Literature appeals to the soul. They have the power of transforming the reader to the world that is portrayed in the writings. Truthful writings set in realistic background give shape to life’s experiences and make the readers live and feel with the characters. This paper is about two such works—Luisa Valenzuela’s short story, The Censors and Berthold Brecht’s poem, A Worker Reads History—that are profound and truthful portraits of two different men. They provide direct analogies to real life events and teach valuable lessons about life.
Adapting to the Communicative Needs of the Audience Literature of the working class has been on the rise in the last fifty years or so. The working class did not know to read or write earlier to that. Even today, they have to overcome a number of hurdles to gain literacy. This struggle for literacy can be perceived from the works of the working class writers. A worker wonders about his obscurity in Berthold Brecht’s poem, A Worker Reads History. He wonders why no page in history has a mention of the people who put their efforts in building structures as massive as the Great Wall of China, the Seven Gates of Thebes, or the beautiful city of Babylon.
The speaker is uneducated and he wonders why the warriors who fought with Alexander, Caesar, Phillip of Spain, and Frederick the Greek are never spoken of. The poem addresses every worker who is in a similar position as he is. The poem appeals to the target audience right away, since the language is very simple. By the use of questions, the writer does not distinguish himself from his audience, but merely shares his thoughts and includes the audience in his thought process. He makes the audience wonder why it is only a selected few who make it to the pages of history and the others are conveniently forgotten.
Juan in Luisa Valenzuela’s short story, The Censors is an educated person. His situation is different from Brecht’s worker. He is a slave of repression. The story depicts the troubled times in Argentina when everything that the common man did or said was censured. To convey the magnitude of the situation, the substance of the story is very simple where Juan’s life changes completely due to a simple love letter that he writes to Marian in France. He responds to a natural impulse and replies to her letter that he secretly obtains from a friend. After posting his letter, Juan worries about the safety of Marian from the hands of the censors.
He hits upon a plan and takes up a job with the censor board. While on the job, his plan is to censor his own letter and escape from the clutches of the censors. Right from the start, the mood of the story is set and the audience is taken to wonder if Juan would indeed lay his hands on the letter that he writes to Marian. As he rises in his position and moves from department to department, the audience feels happy for Juan, along with him. The climax jerks the readers to the harsh reality of real-life existence where people believe that censorship is a way of life. Juan censors his own letter and the next day, he is executed.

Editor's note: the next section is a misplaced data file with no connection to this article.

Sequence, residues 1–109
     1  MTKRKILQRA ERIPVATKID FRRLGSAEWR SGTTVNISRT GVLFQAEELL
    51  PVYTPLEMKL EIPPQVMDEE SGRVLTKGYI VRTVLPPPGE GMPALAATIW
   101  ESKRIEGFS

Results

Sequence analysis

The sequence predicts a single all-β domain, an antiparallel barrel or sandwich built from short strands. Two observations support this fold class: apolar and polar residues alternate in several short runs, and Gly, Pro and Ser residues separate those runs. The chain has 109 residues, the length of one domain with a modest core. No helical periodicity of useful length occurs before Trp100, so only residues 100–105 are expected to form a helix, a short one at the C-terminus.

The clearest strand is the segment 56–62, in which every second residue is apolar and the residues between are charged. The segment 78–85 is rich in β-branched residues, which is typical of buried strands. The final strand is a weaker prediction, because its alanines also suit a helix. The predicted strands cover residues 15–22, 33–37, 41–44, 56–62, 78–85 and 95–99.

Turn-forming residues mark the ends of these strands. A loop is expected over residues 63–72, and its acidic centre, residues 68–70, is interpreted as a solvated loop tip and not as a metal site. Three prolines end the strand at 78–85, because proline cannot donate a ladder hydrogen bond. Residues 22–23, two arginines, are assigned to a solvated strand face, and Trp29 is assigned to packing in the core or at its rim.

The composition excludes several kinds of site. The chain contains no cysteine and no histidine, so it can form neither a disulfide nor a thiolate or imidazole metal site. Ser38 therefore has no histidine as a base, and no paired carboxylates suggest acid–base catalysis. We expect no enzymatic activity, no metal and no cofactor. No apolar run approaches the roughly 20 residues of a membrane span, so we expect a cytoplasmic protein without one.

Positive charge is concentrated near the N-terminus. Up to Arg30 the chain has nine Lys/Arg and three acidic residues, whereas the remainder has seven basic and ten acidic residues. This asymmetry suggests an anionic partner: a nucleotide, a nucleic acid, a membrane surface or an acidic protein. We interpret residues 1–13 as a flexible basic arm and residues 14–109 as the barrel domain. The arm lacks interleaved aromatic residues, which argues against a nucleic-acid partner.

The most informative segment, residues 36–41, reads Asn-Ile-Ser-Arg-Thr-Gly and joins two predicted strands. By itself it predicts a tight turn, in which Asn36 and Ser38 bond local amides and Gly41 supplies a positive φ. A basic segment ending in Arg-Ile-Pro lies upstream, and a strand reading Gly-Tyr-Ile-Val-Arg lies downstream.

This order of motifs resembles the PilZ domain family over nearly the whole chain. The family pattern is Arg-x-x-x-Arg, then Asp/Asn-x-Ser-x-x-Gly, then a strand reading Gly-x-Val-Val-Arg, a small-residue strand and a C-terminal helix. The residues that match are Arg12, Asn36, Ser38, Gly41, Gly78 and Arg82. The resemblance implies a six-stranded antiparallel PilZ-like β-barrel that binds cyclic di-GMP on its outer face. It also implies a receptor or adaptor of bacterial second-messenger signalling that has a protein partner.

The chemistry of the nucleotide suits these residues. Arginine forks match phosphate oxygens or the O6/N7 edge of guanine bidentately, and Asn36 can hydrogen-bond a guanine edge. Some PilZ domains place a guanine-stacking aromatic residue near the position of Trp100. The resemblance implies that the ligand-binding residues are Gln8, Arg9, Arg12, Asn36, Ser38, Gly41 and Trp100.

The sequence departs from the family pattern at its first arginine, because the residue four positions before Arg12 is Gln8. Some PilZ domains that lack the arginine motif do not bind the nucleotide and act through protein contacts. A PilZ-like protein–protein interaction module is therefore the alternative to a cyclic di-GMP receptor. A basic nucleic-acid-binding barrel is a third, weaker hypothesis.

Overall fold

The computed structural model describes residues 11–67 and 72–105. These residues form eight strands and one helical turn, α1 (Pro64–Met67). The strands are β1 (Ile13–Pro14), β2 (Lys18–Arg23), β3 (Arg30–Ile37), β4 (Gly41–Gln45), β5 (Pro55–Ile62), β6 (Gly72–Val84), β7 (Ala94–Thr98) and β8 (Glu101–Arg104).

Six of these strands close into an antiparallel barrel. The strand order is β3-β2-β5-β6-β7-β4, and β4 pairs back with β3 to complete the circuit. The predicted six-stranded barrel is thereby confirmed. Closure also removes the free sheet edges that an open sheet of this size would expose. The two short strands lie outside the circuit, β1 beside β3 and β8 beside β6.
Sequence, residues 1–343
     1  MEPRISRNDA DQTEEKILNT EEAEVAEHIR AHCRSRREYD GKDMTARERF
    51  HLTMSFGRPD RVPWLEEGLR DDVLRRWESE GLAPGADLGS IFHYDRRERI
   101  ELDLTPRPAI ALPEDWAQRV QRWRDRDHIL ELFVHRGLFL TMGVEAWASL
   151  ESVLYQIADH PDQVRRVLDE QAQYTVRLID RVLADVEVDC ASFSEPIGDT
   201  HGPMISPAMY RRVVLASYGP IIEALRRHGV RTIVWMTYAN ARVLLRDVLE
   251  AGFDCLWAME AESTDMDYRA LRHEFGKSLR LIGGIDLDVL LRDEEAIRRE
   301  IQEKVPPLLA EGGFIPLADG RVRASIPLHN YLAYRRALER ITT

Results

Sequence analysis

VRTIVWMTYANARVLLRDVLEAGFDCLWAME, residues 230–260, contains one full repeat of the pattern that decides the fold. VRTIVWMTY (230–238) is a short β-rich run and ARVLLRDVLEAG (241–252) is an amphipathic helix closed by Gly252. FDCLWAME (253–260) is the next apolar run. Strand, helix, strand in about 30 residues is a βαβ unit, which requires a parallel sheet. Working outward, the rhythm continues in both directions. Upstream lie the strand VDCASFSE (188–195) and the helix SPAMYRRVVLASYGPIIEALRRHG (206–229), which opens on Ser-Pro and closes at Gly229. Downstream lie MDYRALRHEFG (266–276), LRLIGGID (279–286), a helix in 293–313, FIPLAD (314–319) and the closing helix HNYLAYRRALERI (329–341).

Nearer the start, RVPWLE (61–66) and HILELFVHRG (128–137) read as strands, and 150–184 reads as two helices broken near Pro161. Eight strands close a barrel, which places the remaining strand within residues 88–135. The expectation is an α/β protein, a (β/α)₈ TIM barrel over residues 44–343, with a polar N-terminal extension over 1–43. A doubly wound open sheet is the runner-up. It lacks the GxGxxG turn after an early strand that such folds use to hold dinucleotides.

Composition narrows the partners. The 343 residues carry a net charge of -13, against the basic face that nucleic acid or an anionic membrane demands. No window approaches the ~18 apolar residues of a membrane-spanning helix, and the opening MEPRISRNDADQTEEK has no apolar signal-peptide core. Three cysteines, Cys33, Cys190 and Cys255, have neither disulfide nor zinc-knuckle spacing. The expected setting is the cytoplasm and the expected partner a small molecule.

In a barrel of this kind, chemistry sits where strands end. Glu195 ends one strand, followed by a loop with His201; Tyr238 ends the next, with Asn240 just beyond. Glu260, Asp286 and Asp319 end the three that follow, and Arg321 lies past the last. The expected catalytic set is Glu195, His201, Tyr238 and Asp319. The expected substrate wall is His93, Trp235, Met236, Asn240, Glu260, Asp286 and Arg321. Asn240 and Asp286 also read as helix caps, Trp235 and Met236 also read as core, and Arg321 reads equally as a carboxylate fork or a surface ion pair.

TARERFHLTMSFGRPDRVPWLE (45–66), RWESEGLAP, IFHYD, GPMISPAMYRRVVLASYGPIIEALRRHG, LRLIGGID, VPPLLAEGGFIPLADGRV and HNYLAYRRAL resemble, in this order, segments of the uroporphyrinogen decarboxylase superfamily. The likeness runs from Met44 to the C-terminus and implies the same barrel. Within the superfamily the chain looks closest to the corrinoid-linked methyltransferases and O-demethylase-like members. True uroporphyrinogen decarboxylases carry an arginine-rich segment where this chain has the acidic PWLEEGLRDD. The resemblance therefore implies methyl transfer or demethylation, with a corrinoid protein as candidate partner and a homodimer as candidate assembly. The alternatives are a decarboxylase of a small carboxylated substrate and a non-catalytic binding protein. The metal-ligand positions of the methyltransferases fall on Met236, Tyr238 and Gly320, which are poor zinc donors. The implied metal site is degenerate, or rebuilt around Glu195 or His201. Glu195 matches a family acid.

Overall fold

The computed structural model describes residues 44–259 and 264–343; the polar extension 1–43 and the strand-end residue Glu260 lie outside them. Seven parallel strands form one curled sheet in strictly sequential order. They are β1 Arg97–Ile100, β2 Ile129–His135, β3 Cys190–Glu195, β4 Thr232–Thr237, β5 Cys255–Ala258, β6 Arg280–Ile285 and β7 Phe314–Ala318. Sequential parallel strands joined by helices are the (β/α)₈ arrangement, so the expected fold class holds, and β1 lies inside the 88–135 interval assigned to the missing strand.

Educating the Audience Both the works—The Censors and A Worker Reads History—set the audience thinking and feeling. Brecht’s work leads us to question the facts that we read in history. The audience is made aware of the labor of the workers and the courage of the unknown warriors who fought and died. It tries to awaken the conscience of the people who create history for rulers. With the completion of work, the workers seemed to disappear. Brecht asks in the poem, “In the evening when the Chinese wall was finished Where did the masons go? ” Venezuela’s work throws light on the horrors of censorship and how people get accustomed to it.
In fact the story is an experience for people who enjoy freedom in other countries and have only read about censorships in books or papers. Juan captures the hearts of such an audience and takes them on a journey to the terror land. Barnard L. Collier states that “Argentines, by and large, accept censorship as a quality of Argentine life” in his article that deals with the terrors of military rule. The Purpose of the Works The structure and vocabulary of both the works seek to educate, rather than entertain the reading audience. Neither the poem nor the short story use any profound form of structure or words.
They are crude, similar to the characters portrayed in them. The poem questions reality in a very profound manner. When the worker wants to know if it was the “the kings who hauled the craggy blocks of stone” in building Thebes, who built the magnificent city of Babylon, and where did the masons who built the Chinese wall go after it was constructed we can actually feel and wonder with him. He asks if each page of victory is recorded in history by “a great man, Who paid the piper? ” Even if the reader is not a historian, it still stimulates the conscience and opens our eyes to the unsung heroes of not just the past, but also of the present.
The story transforms us to the world of military rule. A simple happening that any one of us can associate with is presented in the story. With this personal allusion, it smoothly transforms the reader to the world of despotism. The background and setting are quite gripping and the denouement sets the mind afire. It tells us how any of us can fall victim to authoritarianism and can even go to the extent of accepting it as a way of life. The story, in a way, alerts us to stay awake to the system around us. .
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